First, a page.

But don’t expect that you’ll be able to throw a couple ducks in with your chickens and everything to work perfectly right off the bat. There will be tweaking, and learning, and adjustment and maybe a screw-up or two. (Ducks and screwing – just…ugh, never mind.)
I am glad we have ducks. I like ducks more than I like chickens. But even in the ideal climate, I think ducks can be more challenging than chickens for the casual, backyard poultry-keeper.
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Nicole Javaly says
I cannot agree enough on the pointlessness of keeping drakes. I effing hate those things. I basically only ever liked our duck flock during the brief lull between processing all the drakes, and when someone would dump their ‘pet’ ducks on us and my boss at the time would accept. This is the primary reason why, now that I’m on my own homestead, even though there’s a natural pond, I refuse to get ducks.
Just a note, if you do decide to process that drake: their feathers are a pain in the butt to pluck, they don’t come out as easily as chicken or turkey feathers. Apparently adding some soap to your dunk water will help, but honestly, resigning yourself to hand-plucking a ton of very obnoxious feathers is probably easiest.
But also, process that jerk. It makes life so much more pleasant for you and the remaining ducks.
Besides racoons, we can now add wolves to our list of predators, since they’ve been sighted where we live. It’s kind of cool, but I do worry about the ducks and baby goats.
We have Ancona ducks, and yes, they are the preferred dinner choice for raccoons. We’ve lost a couple, even though we lock them up at night in electric fencing.
And about the… duck-on-duck violence… We have a trampoline in the yard, sitting over a large hole we dug with an excavator, so it’s ground level and the kids won’t kill themselves. Only problem is, the ducks love it, too. Not only for pooping on, but also for… you know… I bet it’s nice and it’s so bouncy, so the drake doesn’t have to works so hard. Ahem.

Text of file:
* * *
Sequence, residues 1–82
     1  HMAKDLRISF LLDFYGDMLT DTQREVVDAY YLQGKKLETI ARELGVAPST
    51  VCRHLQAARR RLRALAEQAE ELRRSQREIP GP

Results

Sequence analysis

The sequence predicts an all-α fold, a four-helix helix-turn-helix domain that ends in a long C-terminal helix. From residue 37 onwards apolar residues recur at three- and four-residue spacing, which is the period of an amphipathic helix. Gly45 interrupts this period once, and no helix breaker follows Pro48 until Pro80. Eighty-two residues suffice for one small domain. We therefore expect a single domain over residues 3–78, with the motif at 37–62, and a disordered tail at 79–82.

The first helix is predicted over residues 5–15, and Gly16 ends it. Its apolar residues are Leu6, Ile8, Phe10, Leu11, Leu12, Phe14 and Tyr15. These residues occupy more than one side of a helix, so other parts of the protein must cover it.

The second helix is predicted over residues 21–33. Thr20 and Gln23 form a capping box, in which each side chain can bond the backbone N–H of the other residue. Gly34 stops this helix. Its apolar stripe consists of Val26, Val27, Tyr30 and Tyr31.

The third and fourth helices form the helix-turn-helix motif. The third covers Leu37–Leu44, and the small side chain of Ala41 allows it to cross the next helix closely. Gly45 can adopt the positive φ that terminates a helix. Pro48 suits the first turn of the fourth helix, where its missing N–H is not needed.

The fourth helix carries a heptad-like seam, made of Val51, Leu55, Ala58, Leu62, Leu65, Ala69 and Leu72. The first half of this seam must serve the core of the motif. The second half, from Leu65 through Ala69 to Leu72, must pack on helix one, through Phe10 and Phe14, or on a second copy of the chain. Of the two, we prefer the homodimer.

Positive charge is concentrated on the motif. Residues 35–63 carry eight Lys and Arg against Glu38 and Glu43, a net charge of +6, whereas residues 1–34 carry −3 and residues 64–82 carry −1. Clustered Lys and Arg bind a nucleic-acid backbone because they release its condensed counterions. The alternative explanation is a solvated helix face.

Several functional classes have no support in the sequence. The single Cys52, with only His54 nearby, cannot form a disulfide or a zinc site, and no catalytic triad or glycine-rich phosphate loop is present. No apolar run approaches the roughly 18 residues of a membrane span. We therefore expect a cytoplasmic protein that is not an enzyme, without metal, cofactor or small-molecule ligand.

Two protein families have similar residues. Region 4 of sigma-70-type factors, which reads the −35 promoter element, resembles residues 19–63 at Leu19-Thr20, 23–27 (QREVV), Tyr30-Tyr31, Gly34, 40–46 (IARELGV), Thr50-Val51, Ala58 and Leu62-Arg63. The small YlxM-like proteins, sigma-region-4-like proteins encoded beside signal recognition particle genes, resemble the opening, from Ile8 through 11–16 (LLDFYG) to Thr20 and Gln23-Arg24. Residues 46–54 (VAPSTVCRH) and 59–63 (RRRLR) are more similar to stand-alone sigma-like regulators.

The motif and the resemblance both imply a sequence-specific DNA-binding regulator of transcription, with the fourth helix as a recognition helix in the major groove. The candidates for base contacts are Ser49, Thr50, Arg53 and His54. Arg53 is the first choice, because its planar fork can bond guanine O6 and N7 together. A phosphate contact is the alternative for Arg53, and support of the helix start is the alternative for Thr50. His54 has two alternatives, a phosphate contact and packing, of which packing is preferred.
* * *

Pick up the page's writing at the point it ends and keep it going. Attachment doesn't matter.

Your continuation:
Nicole A says
Oh my goodness, I had no idea a drake would try to get it on…on a trampoline! :O That’s crazy!
We have anconas as well as Golden 300s and a Runner duck. We used to have 2 more Runner ducks and a 2 Khaki Campbells….they got eaten. We lost 3 out of 4 Golden 300s and I think 7 out of 12 anconas. All duck breeds seem equally tasty, I think. We’ve lost ours mostly to eagles and bobcats, and maybe even the local coyote or bears. There’s a lot of predators out here! 🙁
Nicole A says
I personally like my drake, but we originally ended up with 7 drakes and 3 females, and so picked the least aggressive (and prettiest) drake to keep. He currently hangs out with 6 females and we just added 5 more layers to our flock. Our drake does a little dance for our ladies in the pond, but leaves them alone when they’re foraging (some drakes just don’t stop. They’re constantly trying to get some action while the ladies are walking around foraging). This drake even stands back while the ladies eat, giving them first dibs. It’s sweet! He might be mellower, too, since he’s now 3 years old. We have one chicken, but he leaves her alone as he has so many duck ladies to hang with.
I definitely prefer ducks over chickens, and will likely never have more than the one chicken. Chickens can do so much damage in so little time in a garden bed!
I can imagine, though, that trying to keep ducks in a smaller area wouldn’t turn out as well as keeping the same amount of chickens there. Our ducks have a 1,700 sqft run and an 8×8 house (deep litter method) and they get to range over 2 acres for some of the day. When I have to keep them cooped up in their run due to predators, the run starts to look a little worn down, especially during the winter months when the grass isn’t growing. Having low stocking rates really helps when it comes to ducks, I think!
I think it’s time to say something about patreon now, Erica. I’m so used to sliding my eyes over anything that looks like an ad, I didn’t realize you were on patreon until I got a notification that my friend Paul Wheaton was supporting you via patreon. And I see that you’ve been posting there, with cute little videos and such, for, um, over a week now!